The three characters were in town to attend the funeral of an old friend, Betty Jenkins, who had died by drowning. They were shocked to find the likable woman essentially unhonored in her own hometown and Sarah, playing the detective playbook, has started poking around. John, playing an alienist, is more interested in what drove a businessman to do such horrible things while Jason, playing a devout, is saddened that the local Catholic church has collapsed under indolence, and is offering temporary masses to the only two women who seem to care to show up anymore. They have found the townies acting not so much strange as hostile to the intrusion, and there has already been one run-in with the law. An interview with Sterling, only exposed the man is more disturbing, but less insane, than they thought. And at the end of the session, they found that Betty had attempted to overcome depression and boredom in a town that no longer had a place for her by taking photographs and keeping a log of the trucks coming in and out of the factories, and seems to have been spotted by the local law doing something bad the Clockers just a day before her death.

Not a whole lot of weirdness, just yet, outside of hints, but the characters are pretty much right up at the wall where anywhere they go next, weirdness and horror will dominate. But the next session will have to be where such things are decided, because the opening was a lot of exploration and getting into character and being pro-active in in-character ways, but not really a whole lot of pushing against the abyss, and that was just fine and appropriate.

Final thoughts and downloads

As far as a game that allows you to pick up and go without having the GM into hours of prep-time, it works excellently. As a game that allows for some fresh ideas about roleplaying and group dynamic, the Apocalypse Engine is good fun. I think all RPGers in need for something new should try it, and I'd rather play Mythos Horror than the other settings so I would thumbs this one up, first. I especially like the nods in the system towards steady decay of trust and sanity with clean successes being a rarity. I dig it.

However, it is not a perfect system, I do not think. It is not that Keeper moves are weird or that letting players have an equal or sometimes greater voice in narrative flow is bad, I appreciate those things. It just feels slightly off-kilter. Trust could stand to be beefed up in game, since it feels like it wants to be more important. Hard moves are brilliant in that they allow the Keeper to push moments that the characters have to accept as plot points and can be used to accelerate tricky moments and build up fear because the players know they are coming, but hard moves only show up in reaction to some of the rolls, rather than due to critical failures (which I suppose are supposed to be their own "hard moves"). As a mechanic it works, but it misses something, since looking around a house becomes more dangerous than trying to convince someone to do something they do not want to do, on a basic level. I'm also not quite sure that the stats are balanced, but in actual play they are working out so I'll not poke against that too hard.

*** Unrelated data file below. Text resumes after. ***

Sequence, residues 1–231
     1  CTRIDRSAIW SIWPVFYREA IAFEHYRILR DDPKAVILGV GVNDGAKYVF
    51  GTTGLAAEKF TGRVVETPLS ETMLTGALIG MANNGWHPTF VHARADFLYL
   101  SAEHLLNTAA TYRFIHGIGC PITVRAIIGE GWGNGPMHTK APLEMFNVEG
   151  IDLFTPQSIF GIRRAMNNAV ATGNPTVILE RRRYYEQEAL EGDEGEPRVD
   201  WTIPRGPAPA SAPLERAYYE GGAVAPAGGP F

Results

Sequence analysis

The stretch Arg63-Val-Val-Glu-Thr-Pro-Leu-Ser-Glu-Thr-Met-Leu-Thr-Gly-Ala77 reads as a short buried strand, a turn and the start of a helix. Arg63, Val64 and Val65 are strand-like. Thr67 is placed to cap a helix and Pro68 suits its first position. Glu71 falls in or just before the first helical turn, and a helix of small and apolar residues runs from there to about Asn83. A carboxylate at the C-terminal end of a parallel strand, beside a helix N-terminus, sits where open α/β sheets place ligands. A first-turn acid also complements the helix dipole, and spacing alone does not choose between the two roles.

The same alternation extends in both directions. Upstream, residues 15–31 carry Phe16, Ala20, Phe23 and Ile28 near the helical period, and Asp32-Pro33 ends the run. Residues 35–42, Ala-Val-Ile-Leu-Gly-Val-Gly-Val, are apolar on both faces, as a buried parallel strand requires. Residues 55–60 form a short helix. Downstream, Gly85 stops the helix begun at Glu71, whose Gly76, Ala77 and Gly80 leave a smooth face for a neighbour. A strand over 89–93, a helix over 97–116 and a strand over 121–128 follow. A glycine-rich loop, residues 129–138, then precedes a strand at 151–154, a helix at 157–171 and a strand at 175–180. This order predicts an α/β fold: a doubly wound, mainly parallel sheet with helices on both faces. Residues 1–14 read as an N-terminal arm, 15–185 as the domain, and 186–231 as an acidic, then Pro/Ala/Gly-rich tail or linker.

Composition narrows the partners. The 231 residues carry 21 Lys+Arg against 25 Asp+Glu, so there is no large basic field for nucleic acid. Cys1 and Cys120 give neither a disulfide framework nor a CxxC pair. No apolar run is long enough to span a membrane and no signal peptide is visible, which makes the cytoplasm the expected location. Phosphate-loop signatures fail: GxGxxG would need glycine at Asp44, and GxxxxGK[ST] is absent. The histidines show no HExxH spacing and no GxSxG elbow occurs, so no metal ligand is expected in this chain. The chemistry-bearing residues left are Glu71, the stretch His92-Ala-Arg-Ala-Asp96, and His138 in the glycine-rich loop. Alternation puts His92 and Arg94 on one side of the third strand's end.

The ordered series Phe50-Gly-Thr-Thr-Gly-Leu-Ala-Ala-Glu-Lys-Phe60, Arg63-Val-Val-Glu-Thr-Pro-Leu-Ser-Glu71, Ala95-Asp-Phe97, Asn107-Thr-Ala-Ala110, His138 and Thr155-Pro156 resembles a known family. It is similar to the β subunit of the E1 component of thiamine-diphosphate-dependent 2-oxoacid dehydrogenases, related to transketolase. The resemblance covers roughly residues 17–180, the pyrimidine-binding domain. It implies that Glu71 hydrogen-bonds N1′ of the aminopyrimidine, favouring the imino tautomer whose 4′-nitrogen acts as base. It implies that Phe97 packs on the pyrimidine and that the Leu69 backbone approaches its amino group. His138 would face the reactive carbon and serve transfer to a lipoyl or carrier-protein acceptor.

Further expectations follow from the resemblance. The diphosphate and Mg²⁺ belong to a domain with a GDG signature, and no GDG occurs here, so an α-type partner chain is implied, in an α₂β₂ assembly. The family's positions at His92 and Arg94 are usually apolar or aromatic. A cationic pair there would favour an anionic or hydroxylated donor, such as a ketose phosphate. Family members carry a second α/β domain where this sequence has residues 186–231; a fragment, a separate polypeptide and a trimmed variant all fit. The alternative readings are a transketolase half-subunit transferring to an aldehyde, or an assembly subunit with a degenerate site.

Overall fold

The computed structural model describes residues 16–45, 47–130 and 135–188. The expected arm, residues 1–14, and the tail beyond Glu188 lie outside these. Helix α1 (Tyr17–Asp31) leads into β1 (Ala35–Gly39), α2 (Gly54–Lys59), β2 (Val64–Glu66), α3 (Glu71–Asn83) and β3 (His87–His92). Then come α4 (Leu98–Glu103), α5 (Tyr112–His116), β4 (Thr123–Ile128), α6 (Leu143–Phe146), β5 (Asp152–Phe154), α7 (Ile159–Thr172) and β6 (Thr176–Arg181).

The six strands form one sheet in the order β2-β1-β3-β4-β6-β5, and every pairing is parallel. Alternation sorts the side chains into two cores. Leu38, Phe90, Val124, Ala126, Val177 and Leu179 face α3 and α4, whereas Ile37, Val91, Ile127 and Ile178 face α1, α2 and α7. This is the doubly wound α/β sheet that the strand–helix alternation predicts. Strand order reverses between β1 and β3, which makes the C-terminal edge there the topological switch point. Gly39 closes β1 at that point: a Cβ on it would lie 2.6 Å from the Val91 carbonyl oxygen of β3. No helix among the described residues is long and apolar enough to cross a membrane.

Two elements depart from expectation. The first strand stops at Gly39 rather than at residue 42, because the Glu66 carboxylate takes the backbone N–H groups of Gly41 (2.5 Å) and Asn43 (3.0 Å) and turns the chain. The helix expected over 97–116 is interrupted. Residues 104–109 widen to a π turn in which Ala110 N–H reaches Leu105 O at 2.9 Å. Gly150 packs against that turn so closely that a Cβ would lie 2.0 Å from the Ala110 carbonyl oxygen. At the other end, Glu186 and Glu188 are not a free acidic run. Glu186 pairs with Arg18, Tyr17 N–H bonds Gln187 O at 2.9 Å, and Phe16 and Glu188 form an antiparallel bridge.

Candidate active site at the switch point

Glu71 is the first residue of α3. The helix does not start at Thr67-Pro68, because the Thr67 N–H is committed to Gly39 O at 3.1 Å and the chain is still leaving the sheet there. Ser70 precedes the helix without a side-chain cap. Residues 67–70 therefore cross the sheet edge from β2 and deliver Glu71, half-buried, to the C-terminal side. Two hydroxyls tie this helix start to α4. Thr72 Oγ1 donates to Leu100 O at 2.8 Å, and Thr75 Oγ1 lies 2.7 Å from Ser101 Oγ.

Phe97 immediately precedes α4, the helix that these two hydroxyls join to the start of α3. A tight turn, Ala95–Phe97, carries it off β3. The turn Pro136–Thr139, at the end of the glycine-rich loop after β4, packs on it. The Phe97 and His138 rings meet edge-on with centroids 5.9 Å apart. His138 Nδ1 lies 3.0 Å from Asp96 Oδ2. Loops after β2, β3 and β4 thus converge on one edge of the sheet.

I'll leave it here, for now, and wait until I finish up the next session to write more. Right now, I'd give the game a 6/8, with a +1 if you like a bit of quirk/constrainment in your system, and a -1 if you like lots of dice rolls (-2 if you like rolling lots of dice as the GM). Oh, and here is the playbook pdf which has a fair amount of basic information about (and flavor from) the game if you know how to read it.

1: The average stat for a starting character is slightly less than a +1, so this gives you a 7/12 chance of a partial/full success, slightly greater than half. Meaning the GM really needs to dial up the "but..." aspects s/he wants to make it a little more horrible. If you play partials as actual successes, then characters are going to be doing alright for themselves, especially if they stick with their +1 (about 2/3 chance of a partial) or +2 (5/6 chance of partial) stats. Even at -1 (the standard lowest for starting characters), you have a 5/12 chance, which is only slightly less than half. There are very few modifiers, or at least fewer modifiers than most games, so character stats are a big part of difficulty setting. Note: GMs (called "Keepers" here, Call of Cthulhu style) never roll dice. They push "moves", sometimes "hard moves" that cannot be defended against, but their main focus is to encourage players to stay collaborative and to throw twists in the tale.

2: Update July 17, 2014 - When I first published this post, there was no way for non Kickstarter backers to see much outside of the Playbook set which was released CC-By-ND (3.0) and had a note that it could be shared amongst friends to get interst up. I stuck it up as a Google Doc, then. Since then, they have put it up for "sale" (it's free, mind) in their shop at the link above. Since getting it there guarantees you get the most up-to-date version then I'd recommend through them. Just to clarify, that Playbook set is entirely contianed within the main rulebook. It's not any sort of special edition things.

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Written by Doug Bolden